Fig. 9.3-6. Transverse section of needle leaf of pine (Pinus). The needles of pines and many other conifers have resin canals with complex epithelia. There are several layers of epithelium cells, the innermost layer consists of parenchyma cells with prominent nuclei, the outer layers are cells with thick walls. The low magnification view shows that the canals are located near the surface of the leaf, and at fairly close intervals around the perimeter (remember how slender pine needles are) – it would be almost impossible for even a small animal to bite into this needle without encountering the bitter resins.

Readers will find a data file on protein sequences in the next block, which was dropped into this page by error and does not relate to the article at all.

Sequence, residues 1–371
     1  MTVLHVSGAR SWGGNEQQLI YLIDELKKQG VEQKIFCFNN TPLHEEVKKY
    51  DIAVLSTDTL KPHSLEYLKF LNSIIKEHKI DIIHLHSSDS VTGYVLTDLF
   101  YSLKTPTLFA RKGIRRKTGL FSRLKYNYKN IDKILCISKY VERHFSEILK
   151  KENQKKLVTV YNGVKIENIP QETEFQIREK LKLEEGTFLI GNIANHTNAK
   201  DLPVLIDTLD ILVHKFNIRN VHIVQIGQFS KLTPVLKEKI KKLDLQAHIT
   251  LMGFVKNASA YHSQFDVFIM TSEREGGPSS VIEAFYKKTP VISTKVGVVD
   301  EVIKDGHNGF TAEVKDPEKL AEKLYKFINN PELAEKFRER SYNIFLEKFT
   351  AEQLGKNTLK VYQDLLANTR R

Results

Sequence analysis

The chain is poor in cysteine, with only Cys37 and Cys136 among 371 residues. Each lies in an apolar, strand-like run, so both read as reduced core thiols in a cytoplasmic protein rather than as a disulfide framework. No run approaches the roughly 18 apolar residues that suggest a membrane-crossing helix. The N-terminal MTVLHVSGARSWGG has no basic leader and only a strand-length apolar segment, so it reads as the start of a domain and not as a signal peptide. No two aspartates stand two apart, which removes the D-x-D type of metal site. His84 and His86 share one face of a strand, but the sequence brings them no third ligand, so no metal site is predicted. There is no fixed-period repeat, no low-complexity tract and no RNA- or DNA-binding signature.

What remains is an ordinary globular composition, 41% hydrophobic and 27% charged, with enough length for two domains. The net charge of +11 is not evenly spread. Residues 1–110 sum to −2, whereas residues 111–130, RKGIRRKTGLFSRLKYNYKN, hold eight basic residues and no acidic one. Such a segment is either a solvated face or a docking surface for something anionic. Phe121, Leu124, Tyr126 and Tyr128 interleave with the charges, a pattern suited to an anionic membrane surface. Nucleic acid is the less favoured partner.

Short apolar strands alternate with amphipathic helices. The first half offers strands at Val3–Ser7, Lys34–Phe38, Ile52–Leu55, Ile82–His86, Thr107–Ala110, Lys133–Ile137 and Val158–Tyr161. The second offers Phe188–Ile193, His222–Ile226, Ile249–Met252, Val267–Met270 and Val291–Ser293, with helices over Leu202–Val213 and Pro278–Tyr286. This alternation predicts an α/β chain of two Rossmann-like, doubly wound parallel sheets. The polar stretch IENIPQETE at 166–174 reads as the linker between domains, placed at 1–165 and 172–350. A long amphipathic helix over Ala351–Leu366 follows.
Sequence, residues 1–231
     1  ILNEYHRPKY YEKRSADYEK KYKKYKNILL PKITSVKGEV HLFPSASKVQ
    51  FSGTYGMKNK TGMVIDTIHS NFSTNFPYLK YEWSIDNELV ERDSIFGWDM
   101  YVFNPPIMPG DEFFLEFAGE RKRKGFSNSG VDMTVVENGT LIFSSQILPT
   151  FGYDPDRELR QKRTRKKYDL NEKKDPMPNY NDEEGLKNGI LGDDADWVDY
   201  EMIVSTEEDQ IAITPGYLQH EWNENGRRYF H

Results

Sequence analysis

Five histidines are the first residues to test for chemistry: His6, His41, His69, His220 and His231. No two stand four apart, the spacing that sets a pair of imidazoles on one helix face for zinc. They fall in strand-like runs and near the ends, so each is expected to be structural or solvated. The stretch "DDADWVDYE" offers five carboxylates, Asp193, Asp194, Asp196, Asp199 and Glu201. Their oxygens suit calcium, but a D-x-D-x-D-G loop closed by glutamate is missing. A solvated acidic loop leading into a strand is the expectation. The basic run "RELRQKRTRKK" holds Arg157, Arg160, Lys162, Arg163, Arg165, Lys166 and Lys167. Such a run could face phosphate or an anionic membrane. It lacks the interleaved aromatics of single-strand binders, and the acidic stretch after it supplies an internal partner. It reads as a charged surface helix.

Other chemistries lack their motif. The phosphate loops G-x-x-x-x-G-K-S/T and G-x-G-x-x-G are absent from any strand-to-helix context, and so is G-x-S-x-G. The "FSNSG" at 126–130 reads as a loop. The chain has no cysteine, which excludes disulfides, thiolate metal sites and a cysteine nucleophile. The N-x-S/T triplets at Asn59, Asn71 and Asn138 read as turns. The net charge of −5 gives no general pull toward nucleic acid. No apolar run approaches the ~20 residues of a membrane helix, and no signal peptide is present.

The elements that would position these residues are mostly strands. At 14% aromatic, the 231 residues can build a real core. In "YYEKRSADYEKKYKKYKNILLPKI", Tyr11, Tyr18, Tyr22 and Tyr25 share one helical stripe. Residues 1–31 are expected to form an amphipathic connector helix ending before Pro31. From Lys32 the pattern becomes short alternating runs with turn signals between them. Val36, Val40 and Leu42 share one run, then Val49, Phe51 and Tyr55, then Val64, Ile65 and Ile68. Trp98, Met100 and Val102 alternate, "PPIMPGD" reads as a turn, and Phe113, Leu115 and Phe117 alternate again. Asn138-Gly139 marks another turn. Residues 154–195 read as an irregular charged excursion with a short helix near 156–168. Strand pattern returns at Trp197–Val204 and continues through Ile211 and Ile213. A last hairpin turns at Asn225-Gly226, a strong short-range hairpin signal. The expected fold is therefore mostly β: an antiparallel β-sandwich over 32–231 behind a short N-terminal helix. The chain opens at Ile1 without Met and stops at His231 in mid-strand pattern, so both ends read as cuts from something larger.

Pine needles have a variety of interesting features. One is the epidermis made up of cells with thick walls, another is the presence of lobed parenchyma cells making up much of the leaf (all the red-stained cells).